A Work in Progress. Life is always a work in progress, isn’t it? My schoolwork, my job, my students, my photography, my jewelry-making… It’s never quite perfect. Just need a little more practice… a little more time… one more shot… next time will be better… I’m not even striving for perfection… just… better next time! That’s the deal with my DoMatcha!
While living in Japan, I never studied “tea ceremony”, but was a guest in more than I can count. Over the years, my students and friends performed tea ceremonies for me, or escorted me to ceremonies performed in both elegant and rustic tea houses, by ladies in exquisite kimono, or gentlemen in summer yukata. They showed me how to bow at the right time, how to turn the bowl, and how to eat the delicate little sweets. I loved it all! And I loved the matcha! It was always delicious! It was a long time ago. I haven’t had real matcha since I left Japan in 2004 (I don’t count the Matcha Chillers/Lattes/Smoothies from Starbucks and Second Cup).
When Tiffany Picard from DoMatcha offered to send me a free sample, I was giddy with anticipation! When it arrived with a chasen (whisk) as well, I was soooooooo excited! I couldn’t stop smiling! This was going to be awesome! My first REAL matcha in 10 years! I wanted to get it right, so I checked online for some matcha-making tips. I also dug out the chawan (tea bowl) which my pottery sensei made for me in my first pottery lesson, and my mother’s chashaku (tea scoop), given to her in Japan.
The first cup:
I boiled the water and let it sit for a while so it wouldn’t be too hot. I warmed the tea bowl with hot water, and dried it. I put 2 (chashaku) scoops of tea in the bowl. I added a few drops of water and whisked it to make a paste in the bottom of the bowl. When it was smooth, I added more water and then whisked in a zigzag motion until I had a nice frothy green foam on top. It looked and smelled wonderful! But when I tasted it… WOW!!! WAY TOO BITTER!!! I know from experience that matcha shouldn’t be like this, so I went online to figure out what I had done wrong.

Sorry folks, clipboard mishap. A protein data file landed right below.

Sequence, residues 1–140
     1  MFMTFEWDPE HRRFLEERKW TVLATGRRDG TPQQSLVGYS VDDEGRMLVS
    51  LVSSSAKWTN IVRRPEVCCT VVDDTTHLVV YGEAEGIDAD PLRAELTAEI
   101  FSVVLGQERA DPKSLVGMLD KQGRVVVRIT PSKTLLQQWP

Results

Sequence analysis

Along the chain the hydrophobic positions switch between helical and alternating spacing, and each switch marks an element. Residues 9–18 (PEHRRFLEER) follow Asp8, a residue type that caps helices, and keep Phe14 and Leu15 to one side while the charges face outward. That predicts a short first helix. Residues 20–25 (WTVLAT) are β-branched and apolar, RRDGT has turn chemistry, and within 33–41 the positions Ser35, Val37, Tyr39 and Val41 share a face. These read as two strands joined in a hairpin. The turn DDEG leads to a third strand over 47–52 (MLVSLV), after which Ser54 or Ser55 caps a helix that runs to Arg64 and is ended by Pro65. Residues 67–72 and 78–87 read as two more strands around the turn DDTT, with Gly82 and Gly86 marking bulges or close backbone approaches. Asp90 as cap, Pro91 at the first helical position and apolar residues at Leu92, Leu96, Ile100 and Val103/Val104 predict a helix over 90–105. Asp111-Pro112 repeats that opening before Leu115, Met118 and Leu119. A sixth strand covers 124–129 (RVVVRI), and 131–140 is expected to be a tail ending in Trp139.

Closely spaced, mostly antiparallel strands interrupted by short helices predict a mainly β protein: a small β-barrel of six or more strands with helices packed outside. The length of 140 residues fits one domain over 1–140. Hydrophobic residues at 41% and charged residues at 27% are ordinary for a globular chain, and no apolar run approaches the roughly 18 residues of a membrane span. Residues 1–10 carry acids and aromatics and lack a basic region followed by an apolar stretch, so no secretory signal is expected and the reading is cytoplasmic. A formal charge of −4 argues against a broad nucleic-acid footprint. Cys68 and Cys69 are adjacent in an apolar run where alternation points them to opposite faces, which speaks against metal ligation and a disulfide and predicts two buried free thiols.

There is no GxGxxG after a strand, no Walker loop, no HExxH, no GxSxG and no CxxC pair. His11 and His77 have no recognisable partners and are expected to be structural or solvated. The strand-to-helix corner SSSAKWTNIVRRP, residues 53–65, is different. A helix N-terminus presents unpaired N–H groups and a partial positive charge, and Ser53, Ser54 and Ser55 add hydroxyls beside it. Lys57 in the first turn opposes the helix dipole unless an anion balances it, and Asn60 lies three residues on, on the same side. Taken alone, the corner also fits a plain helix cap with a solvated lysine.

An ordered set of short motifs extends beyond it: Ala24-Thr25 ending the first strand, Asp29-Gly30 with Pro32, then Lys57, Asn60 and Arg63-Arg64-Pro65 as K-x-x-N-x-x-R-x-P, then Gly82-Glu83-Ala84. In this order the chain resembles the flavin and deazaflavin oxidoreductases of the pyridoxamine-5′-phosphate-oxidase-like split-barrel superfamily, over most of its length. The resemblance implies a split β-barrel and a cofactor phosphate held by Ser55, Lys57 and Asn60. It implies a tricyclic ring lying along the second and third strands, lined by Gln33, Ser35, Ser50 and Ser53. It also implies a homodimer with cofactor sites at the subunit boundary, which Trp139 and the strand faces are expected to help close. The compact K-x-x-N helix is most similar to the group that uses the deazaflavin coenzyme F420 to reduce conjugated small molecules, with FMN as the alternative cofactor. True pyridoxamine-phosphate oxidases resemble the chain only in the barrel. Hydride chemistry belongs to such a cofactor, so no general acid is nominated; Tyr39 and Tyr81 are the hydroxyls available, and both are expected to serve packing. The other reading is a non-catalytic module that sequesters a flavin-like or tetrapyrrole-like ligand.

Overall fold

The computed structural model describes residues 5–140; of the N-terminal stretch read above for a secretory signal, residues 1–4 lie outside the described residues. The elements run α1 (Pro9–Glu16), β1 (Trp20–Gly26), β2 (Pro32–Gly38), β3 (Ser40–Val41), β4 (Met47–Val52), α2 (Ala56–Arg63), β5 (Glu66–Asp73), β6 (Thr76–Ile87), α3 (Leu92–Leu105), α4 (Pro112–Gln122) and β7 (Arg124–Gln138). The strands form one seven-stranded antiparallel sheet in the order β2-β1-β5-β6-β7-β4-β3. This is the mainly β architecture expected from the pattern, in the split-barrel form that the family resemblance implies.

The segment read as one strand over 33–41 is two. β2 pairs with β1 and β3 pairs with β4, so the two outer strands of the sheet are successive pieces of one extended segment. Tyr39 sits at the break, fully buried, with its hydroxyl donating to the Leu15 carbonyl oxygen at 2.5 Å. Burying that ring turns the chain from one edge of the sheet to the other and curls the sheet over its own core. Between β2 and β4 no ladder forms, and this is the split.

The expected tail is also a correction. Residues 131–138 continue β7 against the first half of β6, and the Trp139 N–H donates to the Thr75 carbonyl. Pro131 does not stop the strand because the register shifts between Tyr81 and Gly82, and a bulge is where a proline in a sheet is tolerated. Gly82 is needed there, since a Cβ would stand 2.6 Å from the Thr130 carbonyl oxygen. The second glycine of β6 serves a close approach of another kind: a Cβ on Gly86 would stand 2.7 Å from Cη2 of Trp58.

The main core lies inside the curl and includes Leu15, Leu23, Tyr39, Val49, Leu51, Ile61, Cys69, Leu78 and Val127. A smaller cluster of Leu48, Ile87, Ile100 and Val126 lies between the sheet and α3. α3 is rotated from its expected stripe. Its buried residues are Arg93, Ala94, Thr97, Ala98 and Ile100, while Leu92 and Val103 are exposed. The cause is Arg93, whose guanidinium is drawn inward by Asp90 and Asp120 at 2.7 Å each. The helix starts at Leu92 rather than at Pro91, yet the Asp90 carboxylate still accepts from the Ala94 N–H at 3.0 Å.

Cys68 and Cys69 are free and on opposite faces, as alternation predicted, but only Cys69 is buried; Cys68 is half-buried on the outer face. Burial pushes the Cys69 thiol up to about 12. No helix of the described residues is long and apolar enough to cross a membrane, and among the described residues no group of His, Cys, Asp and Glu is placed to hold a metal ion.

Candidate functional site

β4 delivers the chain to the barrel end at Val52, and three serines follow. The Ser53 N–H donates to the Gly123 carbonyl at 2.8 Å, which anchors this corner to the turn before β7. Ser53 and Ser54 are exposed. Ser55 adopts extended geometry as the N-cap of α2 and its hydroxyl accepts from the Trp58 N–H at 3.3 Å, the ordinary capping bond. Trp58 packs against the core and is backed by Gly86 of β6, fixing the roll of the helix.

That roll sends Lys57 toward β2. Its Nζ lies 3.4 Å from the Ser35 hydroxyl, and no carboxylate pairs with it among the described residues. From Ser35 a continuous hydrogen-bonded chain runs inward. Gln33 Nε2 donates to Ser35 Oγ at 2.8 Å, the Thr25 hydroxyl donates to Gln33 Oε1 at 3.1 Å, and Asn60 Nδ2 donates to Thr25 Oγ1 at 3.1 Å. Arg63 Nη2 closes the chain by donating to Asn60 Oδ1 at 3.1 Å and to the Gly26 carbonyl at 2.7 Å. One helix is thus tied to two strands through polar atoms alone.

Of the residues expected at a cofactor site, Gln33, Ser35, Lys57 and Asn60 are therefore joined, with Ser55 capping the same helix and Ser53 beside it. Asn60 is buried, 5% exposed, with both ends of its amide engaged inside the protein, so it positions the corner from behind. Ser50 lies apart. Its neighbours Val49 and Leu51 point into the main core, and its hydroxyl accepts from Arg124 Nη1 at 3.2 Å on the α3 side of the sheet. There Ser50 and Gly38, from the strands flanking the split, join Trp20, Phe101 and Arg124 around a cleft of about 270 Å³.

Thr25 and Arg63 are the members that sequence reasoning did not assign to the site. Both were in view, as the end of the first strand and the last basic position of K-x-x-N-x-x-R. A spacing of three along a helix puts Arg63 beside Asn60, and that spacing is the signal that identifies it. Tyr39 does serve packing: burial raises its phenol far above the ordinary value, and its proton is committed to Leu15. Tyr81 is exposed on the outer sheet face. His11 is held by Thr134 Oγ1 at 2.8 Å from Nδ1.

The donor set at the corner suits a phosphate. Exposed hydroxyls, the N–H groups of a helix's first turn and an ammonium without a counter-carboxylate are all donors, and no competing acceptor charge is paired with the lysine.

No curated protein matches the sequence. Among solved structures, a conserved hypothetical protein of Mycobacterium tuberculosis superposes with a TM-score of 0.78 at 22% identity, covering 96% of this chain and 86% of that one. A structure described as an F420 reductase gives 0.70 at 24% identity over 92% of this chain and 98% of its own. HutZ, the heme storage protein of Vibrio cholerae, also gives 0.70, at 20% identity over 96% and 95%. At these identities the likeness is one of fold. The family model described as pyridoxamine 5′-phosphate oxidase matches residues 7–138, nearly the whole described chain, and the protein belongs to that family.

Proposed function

The second cup:
My search revealed that bitterness can be caused by a) too much matcha, b) too hot water, c) improper whisking. This time, I tried to reduce the amount of matcha, and wait longer for the water to cool. I don’t know what to do about my whisk technique. I’ve never studied the proper way, but tried to copy the motion from some expert YouTube whisk-ers! This cup was still bitter, but at least it was more drinkable. It would be a few days until I could try again. Oh… I should mention that at this point, I FEEL WONDERFUL! This tea leaves me feeling soooooo calm and relaxed, and peaceful… yet focused… not sleepy or drowsy… it’s weird… it’s like a deeeeeep calm, but with clarity. I attribute that to the tea. You need to experience it to believe it!
The third cup:
This tea is a gorgeous, startlingly bright green; exactly as high-quality matcha should be. It smells absolutely heavenly… fresh, GREEN, and with that unmistakable ‘shortbread cookie’ smell that makes my brain whirl! I don’t think there is anything wrong with this tea. At all. It’s beautiful. So, I’m thinking two possibilities here: a) my matcha-making technique just needs a lot more practice, or b) in all my years of matcha deprivation, I’ve forgotten how it really tastes, and need to get reacquainted with the bitterness. But the problem with this theory is that I honestly don’t remember it EVER tasting bitter in Japan! I decide that my technique needs some work! This time, I use only 1 scoop of tea, and I leave the water to cool for a LONG TIME, even pouring it out between other cups, trying to cool it further. I wait. When I finally whisk this cup, it’s thinner. There isn’t as much froth, although there is a thin layer of tiny bubbles. This time, I can taste the meaty ‘umami’ at the back of my throat (reminds me of pork-chops), but there is still some bitterness too. It’s progress, but I want to try again.
So, on it goes… a work in progress. I KNOW what good matcha tastes like. I’ve had the finest! I have a clear vision in my mind of what I’m trying to achieve. And that’s why I am determined to brew the perfect cup! I WILL get it right!! I believe this is good matcha, and I will continue to experiment with it until I’m happy. Any ‘matcha mavens’ out there with suggestions… feel free to comment. I’ll let you know when I get it right!
Sincere Thanks – Domo arigoto gozaimashita! – to Tiffany and DoMatcha for providing this sample for review.